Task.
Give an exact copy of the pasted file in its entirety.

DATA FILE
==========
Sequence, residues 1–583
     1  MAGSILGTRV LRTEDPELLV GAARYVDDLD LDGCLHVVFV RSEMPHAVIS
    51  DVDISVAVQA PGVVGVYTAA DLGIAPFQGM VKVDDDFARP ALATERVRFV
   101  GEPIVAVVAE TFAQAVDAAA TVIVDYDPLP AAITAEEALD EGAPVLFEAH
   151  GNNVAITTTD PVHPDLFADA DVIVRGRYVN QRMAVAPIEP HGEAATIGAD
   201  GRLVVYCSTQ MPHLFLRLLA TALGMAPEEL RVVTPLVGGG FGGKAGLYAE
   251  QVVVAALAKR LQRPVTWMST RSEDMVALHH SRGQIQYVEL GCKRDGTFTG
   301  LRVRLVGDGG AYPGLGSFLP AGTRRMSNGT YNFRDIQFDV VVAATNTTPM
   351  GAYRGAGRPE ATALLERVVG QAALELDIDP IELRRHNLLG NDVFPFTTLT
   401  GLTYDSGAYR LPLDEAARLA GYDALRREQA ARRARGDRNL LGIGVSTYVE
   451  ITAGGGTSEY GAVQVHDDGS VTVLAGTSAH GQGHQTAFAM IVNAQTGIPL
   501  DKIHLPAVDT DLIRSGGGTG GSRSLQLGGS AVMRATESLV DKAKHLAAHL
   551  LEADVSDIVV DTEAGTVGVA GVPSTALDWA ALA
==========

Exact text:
Sequence, residues 1–583
     1  MAGSILGTRV LRTEDPELLV GAARYVDDLD LDGCLHVVFV RSEMPHAVIS
    51  DVDISVAVQA PGVVGVYTAA DLGIAPFQGM VKVDDDFARP ALATERVRFV
   101  GEPIVAVVAE TFAQAVDAAA TVIVDYDPLP AAITAEEALD EGAPVLFEAH
   151  GNNVAITTTD PVHPDLFADA DVIVRGRYVN QRMAVAPIEP HGEAATIGAD
   201  GRLVVYCSTQ MPHLFLRLLA TALGMAPEEL RVVTPLVGGG FGGKAGLYAE
   251  QVVVAALAKR LQRPVTWMST RSEDMVALHH SRGQIQYVEL GCKRDGTFTG
   301  LRVRLVGDGG AYPGLGSFLP AGTRRMSNGT YNFRDIQFDV VVAATNTTPM
   351  GAYRGAGRPE ATALLERVVG QAALELDIDP IELRRHNLLG NDVFPFTTLT
   401  GLTYDSGAYR LPLDEAARLA GYDALRREQA ARRARGDRNL LGIGVSTYVE
   451  ITAGGGTSEY GAVQVHDDGS VTVLAGTSAH GQGHQTAFAM IVNAQTGIPL
   501  DKIHLPAVDT DLIRSGGGTG GSRSLQLGGS AVMRATESLV DKAKHLAAHL
   551  LEADVSDIVV DTEAGTVGVA GVPSTALDWA ALA